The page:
Gov. Sanford today renewed his call to state citizens to urge government officials to formulate creative means of addressing one of the most serious problems faced by South Carolina in the coming years - the State Retirement System's $12 billion unfunded liability, which makes up more than half of the state's $21 billion debt owed by future generations.
"Just this week 54 million Americans on Social Security were told that the federal government would not be giving them a cost-of-living increase for the second-straight year, marking the first time this has happened in a generation," Gov. Sanford said. "This comes on the heels of news that Social Security is already paying out more money than it's taking in, and may be completely insolvent in 25 years. Yet this fiscal nightmare is not confined to the federal government, as states and cities now harbor more than $3.5 trillion in unfunded pension liabilities - promises made but not paid for in capitals across this nation.
"South Carolina is facing the same nightmare scenario. In 1999, our state's Retirement System (SCRS) was underfunded by just $177 million, meaning that state employees' pensions were basically assured and the system was almost fully funded. Since then, SCRS's unfunded liability has grown on average by more than a billion dollars every year - totaling $12 billion today. More so, the SCRS is now funded at less than 70 percent, which would violate federal law were it in the private sector. Add to this the roughly $10 billion in health care related liabilities, and South Carolina taxpayers and their children are on the hook for more than $21 billion.
"Some experts - including Northwestern University finance authority Dr. Joshua Rauh - believe this $21 billion estimate is far too low, and instead argue that South Carolina's unfunded liabilities could be twice that, or more. Indeed, it's possible that the SCRS's ability to pay out full benefits to state retirees could be compromised over just the next ten years. And perhaps most frightening is the fact that, as of today, there is no feasible plan to pay down these debts, and no plan to ensure that state employees get their full pension checks when they retire in the years and decades to come.
"Other states and countries around the globe have dealt with similar liabilities by making difficult, but necessary, choices. States like Nebraska, California and New Hampshire have increased employee contributions; Colorado and New Jersey, among others, have looked at limiting or eliminating Cost-of-Living Adjustments; several states - but not yet South Carolina - have lowered their investment return assumptions from a lofty eight percent to a more realistic level; states have also increased the number of years of service required before retirement; and Rhode Island as well as nations like France and England are considering raising the retirement age for government workers. All these options must be laid on the table if we're to seriously tackle the issue of unfunded liabilities - and I'd urge all concerned citizens to join in the discussion at next week's Retirement System Roundtable, and urge their respective state legislators to come up with creative means of addressing this issue as we approach the 2011 legislative session."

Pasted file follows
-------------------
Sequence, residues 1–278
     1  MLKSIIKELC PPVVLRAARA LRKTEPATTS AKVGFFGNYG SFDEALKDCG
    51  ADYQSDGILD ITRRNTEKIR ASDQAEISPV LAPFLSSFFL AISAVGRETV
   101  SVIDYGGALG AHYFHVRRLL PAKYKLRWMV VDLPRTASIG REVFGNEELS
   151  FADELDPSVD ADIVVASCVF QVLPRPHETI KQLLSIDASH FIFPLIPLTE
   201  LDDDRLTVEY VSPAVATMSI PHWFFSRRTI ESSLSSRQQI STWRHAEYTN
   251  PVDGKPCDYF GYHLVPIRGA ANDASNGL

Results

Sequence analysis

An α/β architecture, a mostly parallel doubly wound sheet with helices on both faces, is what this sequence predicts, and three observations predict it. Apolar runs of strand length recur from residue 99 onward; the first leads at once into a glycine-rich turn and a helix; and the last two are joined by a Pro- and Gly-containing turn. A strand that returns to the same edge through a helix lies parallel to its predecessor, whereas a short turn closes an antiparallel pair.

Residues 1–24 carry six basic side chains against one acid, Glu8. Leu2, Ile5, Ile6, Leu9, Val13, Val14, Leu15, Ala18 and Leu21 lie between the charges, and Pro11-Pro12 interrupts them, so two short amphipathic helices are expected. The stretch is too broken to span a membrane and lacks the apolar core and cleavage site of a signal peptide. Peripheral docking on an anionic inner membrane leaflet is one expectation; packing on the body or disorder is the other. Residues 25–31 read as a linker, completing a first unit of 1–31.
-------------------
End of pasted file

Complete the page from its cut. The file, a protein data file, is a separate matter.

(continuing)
The Retirement System Roundtable will be held at 10:00 a.m. on Wednesday, October 20, 2010, in Room 252 of the Edgar Brown Building on the Statehouse grounds in Columbia. Speakers, expert panelists and invitees include: State Senators Greg Ryberg and Phil Leventis; State Representatives Tom Young and Jim Battle; Treasurer-elect Curtis Loftis; Peggy Boykin, Executive Director of the South Carolina Retirement Systems; Robert Borden, Chief Executive Officer of the South Carolina Retirement System Investment Commission; Dr. Joshua Rauh, Associate Professor of Finance at the Kellogg School of Management, Northwestern University; Wayne Bell, President of the State Retirees Association; and retirees and taxpayers from across South Carolina, among others.
All interested South Carolinians, including state retirees, community leaders, legislators, stakeholders and members of the media are invited to attend. Please call or email Leigh LeMoine (803-734-0067; firstname.lastname@example.org) with any questions and to confirm your attendance.